I think as long as the user do not run random software in dom0, the vulnerability of “installing” something is minimal, which is why we have “templates and appvms” system. And yes, minimizing dom0 is good, and Qubes team is developing sys-audio and sys-gui-gpu to isolate even more devices (along with their open-source or proprietary drivers) from dom0.

@augsch

I think as long as the user do not run random software in dom0, the vulnerability of “installing” something is minimal, which is why we have “templates and appvms” system.

I am excluding such cases here because it is impossible to protect a careless user.

Please also note that most of the packages in dom0 are installed at the time of initial OS installation and the result doesn’t look minimal. Hence the thread.

And yes, minimizing dom0 is good

Which is what my initial questions are aimed at.

D
The user must take care of themselves. Even for an careless user, it’s unlikely that those pre-installed packages contain malicious code, given their popularity and open-source nature. And regular vulnerabilities are very different from malicious code, because exploiting a vulnerability of a random package installed in dom0 should be, by design, quite difficult.

The main principle is that we trust dom0 ultimately. The trust is created by the developers, and maintained by the user.

@augsch

The ultimate trust in dom0 is not user’s choice but an inevitability. The only alternative is not to use Qubes OS at all.

Taking care of oneself includes attention to potential insecurities. That is what this thread is about. I have shared what caught my attention and it seems to me important exactly because of the inevitability.

Re. your arguments:

  • Proprietary firmware (included in dom0) is not open-source.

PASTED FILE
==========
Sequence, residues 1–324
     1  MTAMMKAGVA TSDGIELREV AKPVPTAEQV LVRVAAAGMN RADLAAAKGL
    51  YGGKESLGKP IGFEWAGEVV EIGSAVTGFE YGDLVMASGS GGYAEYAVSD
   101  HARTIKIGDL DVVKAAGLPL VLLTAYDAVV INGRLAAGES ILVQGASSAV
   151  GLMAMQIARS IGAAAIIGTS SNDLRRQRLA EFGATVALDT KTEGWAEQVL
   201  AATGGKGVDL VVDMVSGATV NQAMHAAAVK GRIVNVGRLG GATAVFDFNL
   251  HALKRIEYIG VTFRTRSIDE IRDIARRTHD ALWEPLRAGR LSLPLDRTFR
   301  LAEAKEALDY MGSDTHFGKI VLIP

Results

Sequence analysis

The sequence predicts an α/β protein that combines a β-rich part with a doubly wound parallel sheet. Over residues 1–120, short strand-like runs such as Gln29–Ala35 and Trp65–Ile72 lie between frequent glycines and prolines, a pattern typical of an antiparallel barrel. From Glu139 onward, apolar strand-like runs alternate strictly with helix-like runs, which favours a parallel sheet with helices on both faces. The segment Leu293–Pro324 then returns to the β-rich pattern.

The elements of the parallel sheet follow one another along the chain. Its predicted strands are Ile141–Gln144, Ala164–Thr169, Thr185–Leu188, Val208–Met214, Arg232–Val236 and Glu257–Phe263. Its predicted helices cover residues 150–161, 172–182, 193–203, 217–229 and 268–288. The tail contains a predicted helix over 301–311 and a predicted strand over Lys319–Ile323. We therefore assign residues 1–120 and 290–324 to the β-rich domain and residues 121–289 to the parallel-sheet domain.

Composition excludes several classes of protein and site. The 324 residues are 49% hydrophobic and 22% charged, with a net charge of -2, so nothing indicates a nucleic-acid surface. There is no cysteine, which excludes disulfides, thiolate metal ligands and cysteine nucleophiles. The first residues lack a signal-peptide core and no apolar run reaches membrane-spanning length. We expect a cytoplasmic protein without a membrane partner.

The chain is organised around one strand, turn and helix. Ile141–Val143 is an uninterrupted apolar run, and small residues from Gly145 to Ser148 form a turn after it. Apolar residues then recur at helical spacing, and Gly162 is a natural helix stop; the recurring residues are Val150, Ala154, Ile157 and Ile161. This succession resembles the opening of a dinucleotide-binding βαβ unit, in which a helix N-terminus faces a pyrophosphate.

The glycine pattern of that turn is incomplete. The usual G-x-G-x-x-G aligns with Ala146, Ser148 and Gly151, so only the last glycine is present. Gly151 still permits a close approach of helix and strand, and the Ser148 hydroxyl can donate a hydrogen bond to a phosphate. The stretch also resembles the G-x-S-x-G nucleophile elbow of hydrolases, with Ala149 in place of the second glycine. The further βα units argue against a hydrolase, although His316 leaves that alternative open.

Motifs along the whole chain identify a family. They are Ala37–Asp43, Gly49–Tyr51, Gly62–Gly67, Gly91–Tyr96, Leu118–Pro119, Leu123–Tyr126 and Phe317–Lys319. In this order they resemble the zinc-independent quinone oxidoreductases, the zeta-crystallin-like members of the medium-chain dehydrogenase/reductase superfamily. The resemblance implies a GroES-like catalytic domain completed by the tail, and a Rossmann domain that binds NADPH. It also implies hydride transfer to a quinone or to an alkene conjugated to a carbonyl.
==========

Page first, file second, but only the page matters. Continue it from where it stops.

• Dangerous activity does not necessary come from malware (intentionally created for mischief). It can come from bugs. There are many bugs in FOSS. There will always be. The bigger the package, the bigger the chance for them. A bug in a library function called by many other programs can damage/destroy data without anyone intending that and the user may notice that months after it happened. (I am deliberately using a strong example, for clarity)

  • The likeliness of malicious code in FOSS is not determined only by its popularity. Please just consider the possible attacks on repositories, the fact that distro packagers don’t check every code, the build process itself, the hardware and software on which distro packaging happens is not 100% carefully verified FOSS, etc.

exploiting a vulnerability of a random package installed in dom0 should be, by design, quite difficult.

In case you mean the design of Qubes OS, it does not protect dom0 from dom0 itself. So, it is as difficult to exploit, as any similar Fedora installation. In may actually be easier, considering the default password-less root.

From Qubes OS’s blog:

“One of the biggest security concerns at the moment for Qubes is how much power is in dom0.
[…]